Crown Prince Frederik was born on 26 May 1968. His only sibling, Prince Joachim, was born the following year.
Despite their royal background, they were educated with other children at the private Krebs' School in Copenhagen 1974-81. The school's principal was Jørgen Stegelman, who is known as a marvellous storyteller.
At the request of their father, Crown Prince Frederik and Prince Joachim were in 1982 enrolled in the French elite school École des Roches in Normandy, where they gained an understanding of French culture and history. The Princes continued their schooling at Øregaard Upper Secondary School in Hellerup in Northern Copenhagen, where Frederik gained his baccalaureate in Modern Languages in summer 1986.
A month earlier, he had joined the Council of State, where the sovereign of the constitutional monarchy meets his or her minister about 15 times a year to sign the Acts of the country. As Crown Prince, Frederik can take over his mother's role as sovereign of Denmark, if she is abroad or otherwise unable to fulfil the function.
Military & Academic Career
The Crown Prince has continued the Danish kings' traditional association with army, navy and air force. Thus, he was a recruit with the Household Corps in 1986, later transferring to the Hussars. In 1995, he joined the elite Naval Diving Corps. Under the name of Pingo, he passed one of the physically and mentally most demanding courses in the Danish armed forces. In this way alone, the Crown Prince set new limits for what a future king may do. To huge media attention, Frederik met the challenges of the Diving Corps, becoming a First Lieutenant in 1995.
Since 1997, he has gradually risen in the ranks within the three armed forces. He was first appointed Captain of the reserve in the army, Flight Officer of the reserve in the air force and Lieutenant-Commander in the navy (1997-2000). He then became a Major in the army and air force and a Commander in the navy (2002-03) and most recently a Lieutenant-Colonel in the army and air force and a Commodore in the navy (2004).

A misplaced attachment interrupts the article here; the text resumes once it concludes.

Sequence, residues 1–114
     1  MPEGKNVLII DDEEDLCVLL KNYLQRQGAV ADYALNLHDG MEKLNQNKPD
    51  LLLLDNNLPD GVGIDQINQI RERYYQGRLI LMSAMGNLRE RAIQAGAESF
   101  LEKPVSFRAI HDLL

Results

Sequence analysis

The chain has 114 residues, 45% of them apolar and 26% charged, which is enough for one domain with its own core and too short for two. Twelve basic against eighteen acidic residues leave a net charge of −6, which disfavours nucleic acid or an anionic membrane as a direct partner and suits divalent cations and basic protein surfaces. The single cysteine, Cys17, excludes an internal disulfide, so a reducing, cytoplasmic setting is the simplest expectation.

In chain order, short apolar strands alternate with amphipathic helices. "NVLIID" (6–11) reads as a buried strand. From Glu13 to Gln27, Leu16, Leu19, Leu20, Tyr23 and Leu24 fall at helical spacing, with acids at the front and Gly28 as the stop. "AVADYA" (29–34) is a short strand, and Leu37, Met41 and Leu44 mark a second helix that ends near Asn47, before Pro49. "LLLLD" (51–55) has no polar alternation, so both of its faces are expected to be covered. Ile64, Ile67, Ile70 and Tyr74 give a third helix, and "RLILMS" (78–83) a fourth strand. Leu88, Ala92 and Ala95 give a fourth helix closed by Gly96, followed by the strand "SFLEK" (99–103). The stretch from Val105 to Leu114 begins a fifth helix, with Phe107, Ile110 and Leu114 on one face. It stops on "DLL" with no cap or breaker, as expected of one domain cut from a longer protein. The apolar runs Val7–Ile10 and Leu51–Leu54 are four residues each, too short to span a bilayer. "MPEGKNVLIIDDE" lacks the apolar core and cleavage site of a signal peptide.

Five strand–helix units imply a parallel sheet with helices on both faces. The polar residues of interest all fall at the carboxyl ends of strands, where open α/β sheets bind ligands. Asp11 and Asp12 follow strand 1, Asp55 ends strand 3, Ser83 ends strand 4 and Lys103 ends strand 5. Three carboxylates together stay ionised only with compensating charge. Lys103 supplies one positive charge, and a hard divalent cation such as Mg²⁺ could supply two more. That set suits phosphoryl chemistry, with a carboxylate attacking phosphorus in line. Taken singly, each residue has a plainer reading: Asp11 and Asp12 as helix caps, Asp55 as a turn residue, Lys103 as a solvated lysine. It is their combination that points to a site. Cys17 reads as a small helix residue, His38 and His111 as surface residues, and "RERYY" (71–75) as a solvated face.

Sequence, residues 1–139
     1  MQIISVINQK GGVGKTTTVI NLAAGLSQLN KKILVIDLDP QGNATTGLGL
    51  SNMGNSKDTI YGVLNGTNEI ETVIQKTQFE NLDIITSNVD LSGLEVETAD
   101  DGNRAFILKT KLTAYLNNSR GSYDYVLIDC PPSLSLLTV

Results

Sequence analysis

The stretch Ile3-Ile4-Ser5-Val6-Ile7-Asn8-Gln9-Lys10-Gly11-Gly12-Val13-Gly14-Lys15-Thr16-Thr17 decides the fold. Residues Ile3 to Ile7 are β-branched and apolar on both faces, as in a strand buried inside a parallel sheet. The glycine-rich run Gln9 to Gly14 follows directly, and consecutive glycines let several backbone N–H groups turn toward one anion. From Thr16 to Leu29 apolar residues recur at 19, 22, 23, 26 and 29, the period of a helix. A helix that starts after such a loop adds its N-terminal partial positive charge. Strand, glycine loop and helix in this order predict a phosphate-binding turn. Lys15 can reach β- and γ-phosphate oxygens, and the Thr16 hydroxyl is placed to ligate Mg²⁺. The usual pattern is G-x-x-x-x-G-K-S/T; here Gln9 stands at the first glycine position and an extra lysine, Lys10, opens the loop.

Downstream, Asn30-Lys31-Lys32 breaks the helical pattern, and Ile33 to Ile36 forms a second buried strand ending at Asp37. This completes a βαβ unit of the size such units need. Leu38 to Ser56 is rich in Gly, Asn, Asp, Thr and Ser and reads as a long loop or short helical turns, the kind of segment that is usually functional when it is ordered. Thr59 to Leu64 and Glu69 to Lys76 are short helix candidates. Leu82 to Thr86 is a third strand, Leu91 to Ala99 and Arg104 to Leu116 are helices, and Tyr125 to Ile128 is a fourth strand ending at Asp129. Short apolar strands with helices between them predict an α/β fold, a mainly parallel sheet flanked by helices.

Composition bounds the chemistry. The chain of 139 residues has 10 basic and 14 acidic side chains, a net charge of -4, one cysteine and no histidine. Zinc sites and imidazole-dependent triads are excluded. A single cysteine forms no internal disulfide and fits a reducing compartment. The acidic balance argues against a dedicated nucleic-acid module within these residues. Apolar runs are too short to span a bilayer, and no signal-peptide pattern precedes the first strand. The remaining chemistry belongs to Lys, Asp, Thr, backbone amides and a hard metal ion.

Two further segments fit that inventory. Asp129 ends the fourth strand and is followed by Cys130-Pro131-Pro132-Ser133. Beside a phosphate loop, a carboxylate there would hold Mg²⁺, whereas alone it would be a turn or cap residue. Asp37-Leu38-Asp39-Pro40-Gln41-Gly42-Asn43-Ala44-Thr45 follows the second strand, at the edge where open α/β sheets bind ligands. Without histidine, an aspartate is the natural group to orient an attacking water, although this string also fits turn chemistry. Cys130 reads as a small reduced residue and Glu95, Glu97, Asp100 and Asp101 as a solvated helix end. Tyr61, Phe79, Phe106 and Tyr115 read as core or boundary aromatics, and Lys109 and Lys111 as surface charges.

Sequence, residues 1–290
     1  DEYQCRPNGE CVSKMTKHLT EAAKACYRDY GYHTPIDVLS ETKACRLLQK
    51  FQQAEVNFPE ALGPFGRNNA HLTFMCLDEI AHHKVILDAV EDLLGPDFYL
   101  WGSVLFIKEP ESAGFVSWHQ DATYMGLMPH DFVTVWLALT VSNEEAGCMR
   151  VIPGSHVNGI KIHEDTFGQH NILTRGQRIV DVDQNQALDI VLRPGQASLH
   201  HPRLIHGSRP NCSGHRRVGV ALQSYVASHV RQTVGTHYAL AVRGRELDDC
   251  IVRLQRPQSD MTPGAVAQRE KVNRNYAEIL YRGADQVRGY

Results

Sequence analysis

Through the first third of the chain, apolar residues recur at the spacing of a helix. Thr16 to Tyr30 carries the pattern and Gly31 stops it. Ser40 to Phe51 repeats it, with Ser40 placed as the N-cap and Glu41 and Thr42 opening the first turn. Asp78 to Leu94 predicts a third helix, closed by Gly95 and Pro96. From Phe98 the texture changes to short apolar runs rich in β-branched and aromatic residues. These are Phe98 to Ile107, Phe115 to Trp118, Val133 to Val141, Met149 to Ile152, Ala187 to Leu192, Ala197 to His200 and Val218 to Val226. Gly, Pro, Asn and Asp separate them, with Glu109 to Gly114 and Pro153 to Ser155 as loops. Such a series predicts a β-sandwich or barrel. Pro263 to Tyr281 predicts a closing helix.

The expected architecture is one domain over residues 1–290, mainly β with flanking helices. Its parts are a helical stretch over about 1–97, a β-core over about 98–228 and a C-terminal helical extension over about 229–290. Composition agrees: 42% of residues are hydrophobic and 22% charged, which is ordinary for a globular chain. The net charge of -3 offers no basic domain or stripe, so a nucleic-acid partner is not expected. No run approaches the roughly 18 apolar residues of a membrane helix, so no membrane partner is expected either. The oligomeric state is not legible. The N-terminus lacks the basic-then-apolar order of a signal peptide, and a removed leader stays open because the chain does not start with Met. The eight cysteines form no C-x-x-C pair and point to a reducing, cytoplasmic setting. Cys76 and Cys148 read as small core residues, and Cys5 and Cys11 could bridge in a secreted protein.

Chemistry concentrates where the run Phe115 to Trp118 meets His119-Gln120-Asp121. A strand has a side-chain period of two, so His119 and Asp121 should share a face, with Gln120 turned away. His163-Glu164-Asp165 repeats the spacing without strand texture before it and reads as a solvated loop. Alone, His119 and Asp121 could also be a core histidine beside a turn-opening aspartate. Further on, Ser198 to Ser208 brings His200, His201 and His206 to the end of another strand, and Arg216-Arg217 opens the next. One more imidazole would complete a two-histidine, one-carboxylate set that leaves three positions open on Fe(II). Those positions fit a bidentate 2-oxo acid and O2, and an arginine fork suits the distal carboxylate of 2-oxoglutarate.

In addition, the Crown Prince completed a leadership course at the Royal Danish Defence College in 2002 and worked at Headquarters, Chief of Defence, Denmark, in 2002-03. He has been teaching at the Royal Danish Defence College since 2003.
In 1989-95, the Crown Prince studied political sciences at Aarhus University in the second-largest city in Denmark. His mother, Queen Margrethe II, did the same for a couple of terms when she was young, but Frederik was the first member of the Danish royal house to complete a full academic course. In 1992-93, Frederik also studied at Harvard University in the USA. In 1995, he graduated with a main paper on the foreign policy of the Baltic States.
In autumn 1994, the Crown Prince was on a three-month internship at the Danish UN mission in New York. His time there helped give the Crown Prince an international profile, which was further developed when he was stationed at the Danish Embassy in Paris in 1998-99 and again in 2002.
In addition, Crown Prince Frederik represents Denmark on official visits abroad. He has headed trade delegations and met international top politicians as well as ordinary people.
In 2002, Frederik took over the post of Commissioner of the Danish Red Cross from his father Prince Henrik. His list of honorary offices is long, as is that of the Crown Princess.
Among other things, the Crown Prince is Patron of The Foreign Policy Society, The Greenland Society and The Royal Danish Geographical Society. The Crown Princess is, among other things, Patron of the Danish Refugee Council, the Danish Arts and Crafts Association, the Danish Cultural Institute and Copenhagen International Fashion Fair.
The Crown Prince has also received numerous Danish and foreign orders and decorations. They have been bestowed by the Nordic, Baltic and other European states, as well as Brazil, Japan, Jordan, Nepal and Thailand. Mary is, among other things, a Knight of the Order of the Elephant and carries the Norwegian St. Olav Order.
Expedition Sirius 2000
A unique experience for the Crown Prince was his participation as sledge driver on Expedition Sirius 2000. Just six people took part in the 2,795 kilometres long journey along the coast of North and North East Greenland.
The expedition demanded great physical and mental strength and endurance. It lasted four months and marked the 50th anniversary of Sledge Patrol Sirius, which is responsible for the surveillance of North and North East Greenland and the enforcement of Danish sovereignty in this part of the Danish realm.
The Danes were able to follow the journey through a series of television documentaries, where the Crown Prince himself talked about the hardships and the wonderful nature experiences with flashbacks to the famous Greenland expeditions in the early 20th century. Frederik has himself later emphasised the expedition's great importance to him in various interviews and books.
Lars Bisgaard, Senior Lecturer, University of Southern Denmark